I was at a social function this past week and struck up a conversation with an old acquaintance. She owns several rentals in the Twin Cities, a home and a getaway home on the ocean.
She is having a hard time paying her bills and mortgages as most of her tenants are not paying rent and haven’t for months, thanks to a state moratorium on rental evictions.
She thought it unfair that she and her husband have worked hard at their normal jobs for decades, and saved and scrimped and bought properties they could rent, only to have the state come in and protect her renters from paying. Now she wonders if she will lose all her hard earned equity. She said she might have to give up the vacation home she's worked so hard for. She said she needs relief now.
On Thursday, Gov. Jay Inslee squashed her hopes of being able to collect rent, when he extended an emergency ban on evictions. The ban on evictions — now at 16 months — was supposed to end at the end of this month. Instead, it is being extended three months through Sept. 30.
That’s good news for the estimated 195,000 renters in the state behind on their payments. According to an article in The Seattle Times, state officials estimate unpaid rent in the state rings up at about $110 million a month. With the rent moratorium beginning in March of 2020, the state estimates a total rent debt of about $1.1 billion in the state.
According to a press release by the governor, rent payments need to start again on Aug. 1, but only after landlords offer a repayment plan and rental assistance and eviction resolution programs are up and running on a county by county basis.
I advise landlords to not hold their breath for those programs to become viable.
So far, the state has provided assistance to about 80,000 renters. The state has already spent $500,000 on rent payments, with $658 million in federal dollars available on July 1. That equals to about $1.16 billion, more than enough to cover the past due rent to landlords.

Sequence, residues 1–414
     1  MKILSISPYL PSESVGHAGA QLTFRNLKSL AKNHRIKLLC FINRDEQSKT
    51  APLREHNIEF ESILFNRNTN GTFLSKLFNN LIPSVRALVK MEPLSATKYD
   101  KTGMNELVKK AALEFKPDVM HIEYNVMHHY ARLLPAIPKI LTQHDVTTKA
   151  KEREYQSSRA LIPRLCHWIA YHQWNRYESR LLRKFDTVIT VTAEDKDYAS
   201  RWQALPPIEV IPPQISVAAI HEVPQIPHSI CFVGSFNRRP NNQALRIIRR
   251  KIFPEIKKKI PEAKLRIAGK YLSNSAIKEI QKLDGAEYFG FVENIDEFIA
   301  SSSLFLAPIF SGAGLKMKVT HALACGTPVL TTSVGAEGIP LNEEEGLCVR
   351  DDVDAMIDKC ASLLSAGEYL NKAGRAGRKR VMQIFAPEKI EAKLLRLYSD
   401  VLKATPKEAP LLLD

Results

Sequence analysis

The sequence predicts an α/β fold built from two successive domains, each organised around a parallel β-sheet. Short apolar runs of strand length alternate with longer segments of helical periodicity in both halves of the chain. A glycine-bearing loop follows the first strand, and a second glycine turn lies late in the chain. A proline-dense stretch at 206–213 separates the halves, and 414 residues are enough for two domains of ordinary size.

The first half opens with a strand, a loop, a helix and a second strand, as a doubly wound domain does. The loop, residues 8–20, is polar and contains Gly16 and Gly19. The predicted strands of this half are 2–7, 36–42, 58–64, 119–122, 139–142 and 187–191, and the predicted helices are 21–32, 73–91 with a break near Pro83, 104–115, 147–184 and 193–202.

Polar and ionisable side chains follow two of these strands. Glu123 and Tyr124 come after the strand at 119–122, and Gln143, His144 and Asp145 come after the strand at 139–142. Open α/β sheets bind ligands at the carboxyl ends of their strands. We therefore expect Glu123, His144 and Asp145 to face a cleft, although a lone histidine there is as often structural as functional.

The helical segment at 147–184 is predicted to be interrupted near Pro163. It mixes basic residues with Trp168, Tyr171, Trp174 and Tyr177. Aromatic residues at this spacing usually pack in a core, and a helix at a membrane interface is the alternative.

I’m sure the first $500,000 is gone. Gawd knows what will happen to the $658 million in federal dollars.
For those not worried about a landlord getting paid, I get it. Losing a vacation home is not as traumatic as getting evicted. I don’t support mass evictions and throwing thousands onto the streets. But to use the pandemic to stop payments to landlords is just not fair.
Why does the state give the money to the renters, and not the landlords, if it truly is to cover rent? Why not direct payments to landlords through Sept. 30?
The state has the money. Sales tax revenue is soaring in the state, with an estimated additional $838 million flowing into the state’s coffers for the current two-year budget. Then, for the 2021-23 budget cycle, the state estimates an additional $1.8 billion in an unexpected tax windfall. In addition, there are plenty of jobs for the taking in our state economy, and job openings are abundant in Lewis County.
In my limited view of the world, if you are going to not allow evictions, and are part of the state apparatus willing to allow people to live without paying rent, you better make sure the landlords are getting paid. Why pay the renters, who then have to pass the money through to the landlord. Again, why not direct payments to landlords on behalf of renters?
Sadly, all too often state directives, programs and procedures fall far short of being fair, equitable and sensible.
Michael Wagar is a former president, publisher and editor of The Chronicle.